วันพุธ, 27 สิงหาคม 2551 21:29
Four years on the six Klong Toey boys who came into the clutches of foreign paedophiles are still faced with the daily choice of either seeking out oblivion or fighting to regain some dignity, writes FATHER JOE MAIER

This is one of those oh-yeah-I-kind-of-remember stories: now that you mention it, whatever happened to those kids?

The Bangkok Post ran the original story in Perspective four years ago. There were six boys. The oldest 14, the youngest 12 and a few days: all sexually abused by foreign paedophiles. Heavy-duty type abuse - for almost a whole year. The cops stumbled onto the story accidentally. There was an IT conference in London on criminal use of the Internet. Police from Thailand, attending the conference in the UK to update themselves, were shown some child porn downloaded from the Net. Folks there saying, ''Take a look at this stuff. Don't these boys look like they're Thai?''

The Thai officers smiled stiffly with their faces, not the tiniest twinkle in their eyes. Although no one noticed, they were saying quietly to each other through gritted teeth: ''We'll be back home in Bangkok in two days."

And, oh, they didn't forget. They caught the gents in a heartbeat or two. The faces on the porn pictures from the Net were clear enough to identify a couple of the boys. The police asked if we knew the boys. It took some of our social workers who know the streets and the slums about an hour to track them down in Klong Toey, a neighbourhood where everybody just about knows everybody else. The boys, by this time fed up with the abuse and broken promises, gladly led the cops to the bad guys and told them what they did.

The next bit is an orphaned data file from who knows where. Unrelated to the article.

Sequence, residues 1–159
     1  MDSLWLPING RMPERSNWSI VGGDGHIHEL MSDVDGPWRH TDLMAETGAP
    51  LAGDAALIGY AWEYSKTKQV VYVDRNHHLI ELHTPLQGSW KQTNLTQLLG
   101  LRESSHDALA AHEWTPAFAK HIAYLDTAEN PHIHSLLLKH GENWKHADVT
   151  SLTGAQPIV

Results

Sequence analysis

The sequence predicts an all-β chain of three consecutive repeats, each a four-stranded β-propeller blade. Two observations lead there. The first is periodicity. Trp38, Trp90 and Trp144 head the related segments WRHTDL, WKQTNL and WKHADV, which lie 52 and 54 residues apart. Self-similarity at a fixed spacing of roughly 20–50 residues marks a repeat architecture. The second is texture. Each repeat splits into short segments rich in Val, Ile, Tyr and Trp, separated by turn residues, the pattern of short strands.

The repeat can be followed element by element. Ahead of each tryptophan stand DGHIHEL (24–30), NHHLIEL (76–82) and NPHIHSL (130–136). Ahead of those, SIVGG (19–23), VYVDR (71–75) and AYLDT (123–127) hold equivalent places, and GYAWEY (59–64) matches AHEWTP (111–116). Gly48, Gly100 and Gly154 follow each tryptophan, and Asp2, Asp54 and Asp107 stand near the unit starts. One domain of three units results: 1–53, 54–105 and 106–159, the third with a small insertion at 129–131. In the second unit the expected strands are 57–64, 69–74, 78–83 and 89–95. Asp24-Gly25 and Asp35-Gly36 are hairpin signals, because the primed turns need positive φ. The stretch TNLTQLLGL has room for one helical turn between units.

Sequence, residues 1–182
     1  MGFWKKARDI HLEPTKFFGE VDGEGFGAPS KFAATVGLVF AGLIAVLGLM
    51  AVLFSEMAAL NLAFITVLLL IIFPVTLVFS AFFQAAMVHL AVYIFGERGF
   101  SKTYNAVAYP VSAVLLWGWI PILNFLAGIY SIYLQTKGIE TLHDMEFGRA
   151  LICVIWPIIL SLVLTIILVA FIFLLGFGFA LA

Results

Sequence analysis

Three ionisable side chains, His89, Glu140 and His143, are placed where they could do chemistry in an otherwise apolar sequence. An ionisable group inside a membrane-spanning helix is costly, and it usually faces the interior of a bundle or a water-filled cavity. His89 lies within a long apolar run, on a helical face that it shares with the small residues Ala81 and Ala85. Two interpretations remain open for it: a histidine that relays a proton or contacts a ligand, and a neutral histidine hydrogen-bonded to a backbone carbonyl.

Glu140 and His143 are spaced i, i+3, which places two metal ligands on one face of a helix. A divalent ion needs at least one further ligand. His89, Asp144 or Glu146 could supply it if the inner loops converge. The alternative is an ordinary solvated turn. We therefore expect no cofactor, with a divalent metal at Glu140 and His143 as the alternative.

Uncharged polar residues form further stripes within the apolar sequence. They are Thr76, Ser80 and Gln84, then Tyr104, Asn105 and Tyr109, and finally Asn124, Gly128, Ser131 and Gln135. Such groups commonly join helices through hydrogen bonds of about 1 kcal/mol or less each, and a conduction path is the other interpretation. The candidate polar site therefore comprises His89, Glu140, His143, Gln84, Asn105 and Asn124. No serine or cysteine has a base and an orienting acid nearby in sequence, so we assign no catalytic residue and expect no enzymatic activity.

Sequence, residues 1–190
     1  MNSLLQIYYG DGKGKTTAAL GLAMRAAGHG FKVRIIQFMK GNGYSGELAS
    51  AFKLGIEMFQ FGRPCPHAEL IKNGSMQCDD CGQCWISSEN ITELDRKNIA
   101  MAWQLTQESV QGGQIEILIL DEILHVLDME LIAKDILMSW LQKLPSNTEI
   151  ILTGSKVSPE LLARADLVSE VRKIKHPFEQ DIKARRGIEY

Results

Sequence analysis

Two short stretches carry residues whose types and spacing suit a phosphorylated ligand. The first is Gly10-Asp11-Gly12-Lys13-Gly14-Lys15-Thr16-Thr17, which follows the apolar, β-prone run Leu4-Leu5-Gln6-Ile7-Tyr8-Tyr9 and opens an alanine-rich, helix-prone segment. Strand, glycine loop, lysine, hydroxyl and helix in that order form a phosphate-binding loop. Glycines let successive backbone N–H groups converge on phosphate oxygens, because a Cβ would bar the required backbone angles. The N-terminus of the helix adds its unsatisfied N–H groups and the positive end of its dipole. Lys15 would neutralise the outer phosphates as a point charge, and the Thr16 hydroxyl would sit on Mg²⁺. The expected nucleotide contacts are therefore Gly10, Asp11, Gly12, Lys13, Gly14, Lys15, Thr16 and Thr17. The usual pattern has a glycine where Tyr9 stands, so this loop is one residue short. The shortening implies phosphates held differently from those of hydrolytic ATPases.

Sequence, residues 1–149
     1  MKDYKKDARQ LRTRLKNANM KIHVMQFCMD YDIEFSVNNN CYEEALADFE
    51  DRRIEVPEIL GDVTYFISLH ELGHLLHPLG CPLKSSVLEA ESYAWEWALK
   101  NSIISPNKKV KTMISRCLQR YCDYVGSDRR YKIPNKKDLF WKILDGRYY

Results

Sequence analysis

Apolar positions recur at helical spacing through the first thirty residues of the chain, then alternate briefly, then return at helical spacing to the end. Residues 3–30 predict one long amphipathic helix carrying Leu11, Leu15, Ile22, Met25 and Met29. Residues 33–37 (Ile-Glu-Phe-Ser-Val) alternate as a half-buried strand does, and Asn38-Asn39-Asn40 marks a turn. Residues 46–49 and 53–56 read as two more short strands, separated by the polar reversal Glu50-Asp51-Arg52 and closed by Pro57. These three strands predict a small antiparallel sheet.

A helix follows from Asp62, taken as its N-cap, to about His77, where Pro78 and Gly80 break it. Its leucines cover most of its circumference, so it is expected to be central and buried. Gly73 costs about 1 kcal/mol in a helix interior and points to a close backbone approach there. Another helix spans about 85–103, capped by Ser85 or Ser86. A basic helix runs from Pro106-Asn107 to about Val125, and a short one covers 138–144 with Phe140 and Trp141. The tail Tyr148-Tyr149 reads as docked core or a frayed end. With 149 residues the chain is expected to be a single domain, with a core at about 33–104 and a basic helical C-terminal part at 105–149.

วันพุธ, 27 สิงหาคม 2551 10:35
For these 'slapped around' street kids survival may be just a matter of months or weeks, but friends are forever, writes FATHER JOE MAIER

Gee and Kao don't look tough or mean, they just are. It's something you become when you grow up on the street. No tattoos, no long hair, not much swagger. Tattoos are for prison, swagger is for cool. These two 15-year-olds are neither "prison" nor "cool". They're just pure essence of Bangkok street.

They met while foraging on the street. Though they never really "hung" together, they were street friends. That means loyalty. It also means they gave each other lots of space, never crowded each other, never pushed.

Gee is the first kid we ever met who was totally slapped around by 505, a newer combination of rubber cement and industrial paint thinner. It fits nicely in a pocket and can be discarded when a uniform shows up. Nobody ever notices it - except for the smell. Oh, it stinks! Not even garlic knocks out the smell.